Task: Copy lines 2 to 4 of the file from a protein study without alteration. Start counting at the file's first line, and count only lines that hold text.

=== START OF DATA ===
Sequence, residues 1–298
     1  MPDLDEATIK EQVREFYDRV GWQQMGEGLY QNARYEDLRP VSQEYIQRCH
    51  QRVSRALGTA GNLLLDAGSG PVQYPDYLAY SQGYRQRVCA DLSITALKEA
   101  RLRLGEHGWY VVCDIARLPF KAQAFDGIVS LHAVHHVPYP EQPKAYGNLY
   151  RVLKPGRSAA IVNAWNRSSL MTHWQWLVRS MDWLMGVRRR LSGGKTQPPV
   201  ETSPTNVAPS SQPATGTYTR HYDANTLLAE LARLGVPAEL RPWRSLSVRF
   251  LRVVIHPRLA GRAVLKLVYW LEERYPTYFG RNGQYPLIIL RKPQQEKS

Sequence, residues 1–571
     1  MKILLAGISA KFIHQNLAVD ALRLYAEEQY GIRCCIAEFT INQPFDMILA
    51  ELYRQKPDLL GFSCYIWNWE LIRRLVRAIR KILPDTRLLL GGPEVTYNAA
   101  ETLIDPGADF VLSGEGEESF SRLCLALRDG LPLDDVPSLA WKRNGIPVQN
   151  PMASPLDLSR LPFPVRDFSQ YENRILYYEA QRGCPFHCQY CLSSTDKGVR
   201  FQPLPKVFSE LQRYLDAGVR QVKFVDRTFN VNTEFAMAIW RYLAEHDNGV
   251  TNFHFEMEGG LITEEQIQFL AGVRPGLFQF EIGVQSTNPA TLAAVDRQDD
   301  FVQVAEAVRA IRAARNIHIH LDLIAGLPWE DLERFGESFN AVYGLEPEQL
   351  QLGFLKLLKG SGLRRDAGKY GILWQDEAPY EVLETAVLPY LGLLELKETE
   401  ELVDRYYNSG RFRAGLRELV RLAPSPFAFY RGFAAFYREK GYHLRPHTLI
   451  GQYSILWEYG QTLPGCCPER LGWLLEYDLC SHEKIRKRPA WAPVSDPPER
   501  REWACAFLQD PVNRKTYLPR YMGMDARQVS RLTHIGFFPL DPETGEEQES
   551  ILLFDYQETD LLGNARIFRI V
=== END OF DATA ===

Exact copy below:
     1  MPDLDEATIK EQVREFYDRV GWQQMGEGLY QNARYEDLRP VSQEYIQRCH
    51  QRVSRALGTA GNLLLDAGSG PVQYPDYLAY SQGYRQRVCA DLSITALKEA
   101  RLRLGEHGWY VVCDIARLPF KAQAFDGIVS LHAVHHVPYP EQPKAYGNLY